Firstly on a day of brilliant warm sunshine, the first properly warm day of the year. The dark soils of the coastal fields were "smoking" as they absorbed the sun's warmth, giving off their moisture into cool morning air.
The soundtrack to our walk between Portgordon and Spey Bay was cascading torrents of song from numerous Skylarks. We were treated to really close encounters as the birds took off from close by and climbed into the air, trailing their gorgeous song behind them - "larks ascending" indeed.
On the return leg we kept close to the long pebble beach which forms much of this stretch of coast. The millions of tons of pebbles are regularly re-arranged by storms and there's usually dumping surf along the whole length of the beach as the waves run up to the steep berm. This morning things were relatively calm, particularly at a lower state of tide. Out to sea, great banks of haar drifted in and out, formed by the mix of warming air over a cold sea.
The following weekend we returned to the Moray coast, this time I took a kayak - and since a lively but steady easterly breeze was forecast, a Flat Earth sail. Heading out from Lossiemouth, the first leg took me out to Halliman Skerries, a reef which is submerged above half tide, marked by a lattice tower. The sea conditions out in the shallow waters around the skerry were decidedly bouncy with some wind over tide too - there are no photographs from that section!
Turning downwind, I enjoyed a fast run along the shore, maintaining a steady 10 km/h with some faster bursts in a decent breeze.
In no time at all I was approaching Covesea lighthouse, sadly no longer in use as a working light. On the shore nearby are some of the concrete blocks placed during World War 2 to prevent amphibious invasion on the beaches here.
I made my own amphibious landing some way along the shore in an angle of the beach protected from the swell by a rocky spit. It was a beautiful day and I was able to sit and relax in the warm sunshine with a flask of tea and some lunch.
There were plenty of folk out enjoying the beach and the spring weather. The air was crystal clear and the colours seemed to be very vibrant.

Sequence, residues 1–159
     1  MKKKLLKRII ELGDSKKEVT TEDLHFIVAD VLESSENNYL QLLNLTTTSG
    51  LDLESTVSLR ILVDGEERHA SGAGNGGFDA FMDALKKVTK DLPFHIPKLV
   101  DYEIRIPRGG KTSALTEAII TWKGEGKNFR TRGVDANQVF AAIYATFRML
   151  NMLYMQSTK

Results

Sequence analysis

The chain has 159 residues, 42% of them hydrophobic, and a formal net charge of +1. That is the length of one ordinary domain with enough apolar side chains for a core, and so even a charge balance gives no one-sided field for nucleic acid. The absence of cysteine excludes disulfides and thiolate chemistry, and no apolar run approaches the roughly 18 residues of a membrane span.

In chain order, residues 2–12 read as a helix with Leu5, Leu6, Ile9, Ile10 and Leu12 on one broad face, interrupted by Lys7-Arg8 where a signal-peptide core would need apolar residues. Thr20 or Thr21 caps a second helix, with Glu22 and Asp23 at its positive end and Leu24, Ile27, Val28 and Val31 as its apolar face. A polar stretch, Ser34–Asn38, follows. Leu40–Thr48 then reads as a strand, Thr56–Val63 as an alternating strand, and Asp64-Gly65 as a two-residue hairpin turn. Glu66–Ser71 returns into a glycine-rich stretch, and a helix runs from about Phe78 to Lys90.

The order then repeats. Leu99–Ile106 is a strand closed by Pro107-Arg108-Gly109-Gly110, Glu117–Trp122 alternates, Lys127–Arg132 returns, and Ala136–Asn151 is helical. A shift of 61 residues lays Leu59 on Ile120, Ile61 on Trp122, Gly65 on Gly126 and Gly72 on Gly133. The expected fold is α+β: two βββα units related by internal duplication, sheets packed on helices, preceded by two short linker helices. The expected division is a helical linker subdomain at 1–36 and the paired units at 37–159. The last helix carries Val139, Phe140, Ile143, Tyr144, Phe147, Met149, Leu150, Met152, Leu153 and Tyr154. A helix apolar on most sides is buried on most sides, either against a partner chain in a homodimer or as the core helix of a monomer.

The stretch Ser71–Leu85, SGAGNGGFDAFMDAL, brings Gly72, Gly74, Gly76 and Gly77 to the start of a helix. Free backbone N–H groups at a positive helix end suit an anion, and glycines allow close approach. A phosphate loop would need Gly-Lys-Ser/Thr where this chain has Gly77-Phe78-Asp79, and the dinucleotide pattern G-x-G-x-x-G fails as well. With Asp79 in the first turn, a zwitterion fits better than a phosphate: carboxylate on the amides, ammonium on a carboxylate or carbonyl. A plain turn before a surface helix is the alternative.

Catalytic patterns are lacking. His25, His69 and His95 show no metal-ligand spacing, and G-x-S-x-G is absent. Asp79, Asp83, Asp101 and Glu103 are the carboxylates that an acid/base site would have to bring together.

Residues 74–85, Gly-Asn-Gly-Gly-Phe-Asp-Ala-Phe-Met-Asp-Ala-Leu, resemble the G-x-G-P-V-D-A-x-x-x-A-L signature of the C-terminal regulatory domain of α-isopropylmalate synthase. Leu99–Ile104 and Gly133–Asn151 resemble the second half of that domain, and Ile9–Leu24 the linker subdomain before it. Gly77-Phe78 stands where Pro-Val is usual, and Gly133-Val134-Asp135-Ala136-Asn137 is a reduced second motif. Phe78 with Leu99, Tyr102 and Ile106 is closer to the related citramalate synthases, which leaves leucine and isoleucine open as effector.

Continuing west, I landed again near to the two-legged stack which is a prominent feature on this part of the shore. I was surprised to see that most of the pebbles have been scoured from the beach around the stack, perhaps moved in the winter storms.
A last look back along the shore to Covesea lighthouse before turning into Clashach cove - a sparkling blue sea fringed with brilliant white surf - the North Sea is often dismissed as grey.......
The creeler "Calypso" has been up on the rocks here since 30th April 2017 when she lost power while lifting pots close to shore - fortunately her owner was able to get off safely. I was mildly surprised that she hasn't yet been washed off the rocky shelf or completely broken up by big waves.
In Clashach Cove just west of Hopeman there are a number of superb caves cut into the honey coloured sandstone, well worth exploring. Today, though this image appears calm, there was a fair swell running in and out and I didn't venture into any of them. All too soon I was turning into the sandy beach inside the harbour to end a great few hours on the water.
It had been really good to have some warm sunshine - and it really feels that Spring has arrived. Lambs are everywhere and on the 21st April we heard the first Willow Warbler as the summer visitors begin arriving. We enjoyed an ice cream from the harbour shop to round off a day by the seaside in traditional style....Spring may be here, but as the Hopeman weather forecasting station reminded us - we don't really have a "climate" in Scotland, we have "weather"!